In this episode of Through Process, most of the discussion revolves around designers as design critics, rather than non-designers as design critics. The episode poses some meaningful topics. It began with one of my favorites, which regards the constant call for more design criticism. I laughed, because it made me realize the number of times I’ve sat in an auditorium while a design professional, usually from the old school generation, barks at the audience about this need for more criticism. Even worse, I went to a graduate program specifically for design criticism, so the faculty were constantly demanding more criticism from us. The general consensus on the podcast was one of wonderment: “What more are we looking for?….What is the situation you need to stop feeling marginalized?”
One of the biggest problems here is that design criticism is defined differently, depending on who you ask. When the generational olds give an imperative cry for more design criticism, they’re usually talking about the kind of stuff that fills journals, complete with dusty footnotes and citations. Or the kind of stuff found in MoMA catalogs. Or the kind of stuff that is only considered above-the-fold caliber for the Arts Section of The New York Times. And that stuff is good and incredibly important. We need that stuff. But the rest of us know it’s silly to define design criticism that narrowly.
There’s also this old school idea that organized criticism justifies an entire profession. And yes, the majority of things worth making are things that elicit criticism. But the more I’m in this field, it’s this idea that criticism will encourage people to take design seriously that seems misguided. Ever notice how the one person in the room who is most hellbent on being taken seriously is the one that becomes the target for every joke? And why is it an imperative that design be taken seriously? We live in a time where adults are addicted to a cell phone game in which brightly-colored candies are rearranged into rows. Where a YouTube video of a screaming goat is a prime topic discussed over dinner. There is a balance between demanding to be taken seriously, and doing things that make you happy and connect to society on a greater scale. Even if it’s crushing candy.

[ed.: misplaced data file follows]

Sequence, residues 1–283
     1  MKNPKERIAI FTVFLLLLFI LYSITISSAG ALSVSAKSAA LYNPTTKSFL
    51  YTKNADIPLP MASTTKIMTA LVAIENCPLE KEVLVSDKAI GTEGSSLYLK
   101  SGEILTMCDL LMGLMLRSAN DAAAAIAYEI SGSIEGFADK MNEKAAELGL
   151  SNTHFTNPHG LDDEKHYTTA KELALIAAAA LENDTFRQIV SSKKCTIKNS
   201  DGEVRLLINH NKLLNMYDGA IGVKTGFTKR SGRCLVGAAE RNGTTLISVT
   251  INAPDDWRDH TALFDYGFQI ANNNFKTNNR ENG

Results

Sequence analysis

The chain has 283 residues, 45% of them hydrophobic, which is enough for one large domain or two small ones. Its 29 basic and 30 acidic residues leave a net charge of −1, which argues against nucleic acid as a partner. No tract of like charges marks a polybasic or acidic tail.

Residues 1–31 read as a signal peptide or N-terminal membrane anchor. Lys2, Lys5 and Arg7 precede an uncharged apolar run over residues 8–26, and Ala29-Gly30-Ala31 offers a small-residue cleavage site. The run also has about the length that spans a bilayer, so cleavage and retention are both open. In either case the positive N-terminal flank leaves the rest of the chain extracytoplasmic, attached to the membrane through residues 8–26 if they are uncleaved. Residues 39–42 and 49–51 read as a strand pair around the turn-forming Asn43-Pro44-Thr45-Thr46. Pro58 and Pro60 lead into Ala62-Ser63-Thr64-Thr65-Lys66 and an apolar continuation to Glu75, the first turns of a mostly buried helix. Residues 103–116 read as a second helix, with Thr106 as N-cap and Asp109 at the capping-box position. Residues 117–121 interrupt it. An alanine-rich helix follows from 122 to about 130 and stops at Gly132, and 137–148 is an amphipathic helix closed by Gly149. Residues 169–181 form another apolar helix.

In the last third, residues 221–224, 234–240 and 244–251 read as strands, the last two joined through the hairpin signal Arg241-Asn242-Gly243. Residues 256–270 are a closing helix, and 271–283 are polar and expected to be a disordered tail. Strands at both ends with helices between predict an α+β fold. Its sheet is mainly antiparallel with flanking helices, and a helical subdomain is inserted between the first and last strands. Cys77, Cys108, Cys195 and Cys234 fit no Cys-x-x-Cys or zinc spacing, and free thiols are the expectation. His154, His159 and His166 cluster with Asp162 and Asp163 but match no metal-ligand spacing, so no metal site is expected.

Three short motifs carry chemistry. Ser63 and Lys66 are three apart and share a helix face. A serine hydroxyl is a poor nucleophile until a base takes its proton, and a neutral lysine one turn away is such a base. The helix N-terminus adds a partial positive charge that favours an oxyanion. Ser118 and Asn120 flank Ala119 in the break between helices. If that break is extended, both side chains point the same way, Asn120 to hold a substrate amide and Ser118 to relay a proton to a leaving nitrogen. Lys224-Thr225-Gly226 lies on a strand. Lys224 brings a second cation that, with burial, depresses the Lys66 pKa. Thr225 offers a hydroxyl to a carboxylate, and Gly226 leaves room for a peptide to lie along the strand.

There were a few other highlights from the podcast that caught my attention, listed here for your eyeballs:
On Designer As [Fill in the blank] : “Designer as Author, Designer as Curator…How does it help us to use another profession to describe what we do?”
I blame a little bit of this on the business of higher education. Not pointing any fingers (cough) but many schools relaunch basic design degree programs with flashier names. There are just so. many. design programs now and so. much. money involved, that niche specialization, even if the title doesn’t totally make sense, is sort of a thing of the moment. And design seems to get away with this because it has become a super cool profession, thanks to its tangential relationship to the tech industry. I do fear we are watching a design education bubble in the making.
It’s important to remember, however, that design has always been in the midst of an identity crisis. One of my heroes, design critic and writer Ralph Caplan, tells a great story about being on an airplane in the 1960s, and striking up a conversation with the passenger next to him. When the fellow asked Ralph what he does for a living, Ralph found it easier just to say, “I’m an astrophysicist.” Ralph concluded that people had an easier time fathoming astrophysics than design criticism.